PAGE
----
DES MOINES – For the field of hard-driving presidential candidates and the Iowa Republicans they pursue, the finish line is in sight.
Months of stump speeches, hand clasps and other trappings of retail politicking will culminate Tuesday night when the leading vote-getters at 1,774 precincts have their tickets punched in the GOP presidential preference poll and the also-rans make tough decisions whether they can continue their quests for their party’s 2012 nomination and the right to face Democrat Barack Obama next fall.
“I’m excited for Tuesday. I think it’s going to be fun. I think you’re going to see a lot of people turn out as well,” said state Rep. Renee Schulte, a Cedar Rapids Republican who is backing former Massachusetts Gov. Mitt Romney in the long-awaited Jan. 3 balloting.
“I’m also glad that we are going to be done with caucus so that we can return to our regularly scheduled programming on television and news and everything else,” she added.
For one night, Iowa will become the center of the political universe as tens of thousands of Republicans choose among Romney, U.S. Reps. Michele Bachmann of Minnesota and Ron Paul of Texas, Texas Gov. Rick Perry, former Pennsylvania Sen. Rick Santorum, former House Speaker Newt Gingrich of Georgia and former Utah Gov. Jon Huntsman in statewide balloting that will be dissected by throngs of national and international news media.
“We’re watching you on an hourly basis. That’s all I do any more,” said Larry J. Sabato, director of the University of Virginia’s Center for Politics. “This is Iowa’s moment. The parade will move on after next Tuesday.”
Iowans, who once again had to battle other states to keep their first-in-the-nation position, witnessed a campaign process that continues to evolve with technological advances, instant communications and 24/7 news cycles.
This year’s caucus season was different because most of the candidates did not spend as much time in the state as previously, with the exception of Santorum, Bachmann and to a lesser extent Perry, Sabato noted.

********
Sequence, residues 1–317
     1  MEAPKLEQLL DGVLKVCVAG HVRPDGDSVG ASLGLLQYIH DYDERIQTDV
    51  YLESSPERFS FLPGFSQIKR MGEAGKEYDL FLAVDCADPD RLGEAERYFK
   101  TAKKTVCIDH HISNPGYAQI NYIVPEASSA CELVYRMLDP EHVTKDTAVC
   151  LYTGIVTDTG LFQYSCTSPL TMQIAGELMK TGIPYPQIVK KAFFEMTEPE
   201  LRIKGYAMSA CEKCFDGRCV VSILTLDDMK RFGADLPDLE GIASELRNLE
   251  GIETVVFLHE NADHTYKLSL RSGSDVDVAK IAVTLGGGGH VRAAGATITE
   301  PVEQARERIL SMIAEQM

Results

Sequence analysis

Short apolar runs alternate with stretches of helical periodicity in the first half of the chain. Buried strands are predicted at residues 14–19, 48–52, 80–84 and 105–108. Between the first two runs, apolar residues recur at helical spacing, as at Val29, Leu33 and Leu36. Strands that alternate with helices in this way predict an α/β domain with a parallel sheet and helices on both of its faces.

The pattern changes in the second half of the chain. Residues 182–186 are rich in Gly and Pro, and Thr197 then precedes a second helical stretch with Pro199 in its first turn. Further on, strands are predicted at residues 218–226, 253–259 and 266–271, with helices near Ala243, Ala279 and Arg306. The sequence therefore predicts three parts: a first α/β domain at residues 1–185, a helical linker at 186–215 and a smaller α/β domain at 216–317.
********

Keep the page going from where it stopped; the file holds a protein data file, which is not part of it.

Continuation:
“By and large this election has been run from TV studios – both in terms of the advertising and the 13 televised debates. It’s been a nationalized campaign,” he said.
The economic recession also took its toll on GOP candidates’ fundraising as well, even the frontrunners, Sabato added. “They’re not pulling in the tens of millions that some of their predecessors had done, and I think that also limits what they can do. They have to make choices in a way that perhaps some other candidates in other years have not had to do.”
He said it appeared that Romney was peaking at the right time, that Paul has timed his campaign well, and that Santorum was enjoying an improvement in his poll numbers as Tuesday approaches.
“You’ve had six frontrunners in Iowa over the past year. That’s unprecedented, I think. I went through the past numbers and I certainly didn’t see anything like that,” he said. “With six frontrunners, timing really is critical and oddly enough it’s the original frontrunner who may be timing this just right — that is Mitt Romney.”
University of Iowa political scientist Tim Hagle said the fragmentation of support among religious and social conservatives may give Romney an opening to win in a state where he did not compete very actively until near the end of the race.
The fact that Romney and Paul both campaigned in Iowa four years ago appears to be paying dividends for them in their second go-round, he added.
“I think the bottom line in terms of what is different is that it seems that supporters are more split among the candidates in the field and it’s a more fluid race. We’ve seen a lot of people that have popped up very quickly in the polls and faded almost as quickly,” Hagle noted.
“The question is: are we going to see one more in these waning days of the caucus season and maybe it’s Santorum’s turn or will Romney and Paul hold steady and duke it out for a first-place finish on caucus night?” he added.
Drake University political science professor Dennis Goldford said Iowa Republicans “seem to be flailing about” looking for an alternative to Romney but have been unable to coalesce around one candidate.
“Various ones have had their moments in the sun and then flamed out,” he said. “The question is whether Santorum is finally going to get his moment.”
Goldford said this year’s campaign has raised a question whether the televised debates have taken over some of the traditional role of the caucuses by revealing unexpected strengths and weaknesses in various caucus candidates.
Perry was damaged by poor debate performances and spent “an immense” amount of advertising money hoping for “a second chance to make a first impression,” he said. Meanwhile, Bachmann never fully recovered from Perry’s Aug. 13 entry that “just stepped all over her straw poll victory.”
Traditionally, Iowa’s role as the lead-off state in the nominating process is to winnow the presidential field and that could be true again this year. “We could see candidates limp on beyond Iowa but we could also see one or two drop out,” Goldford said.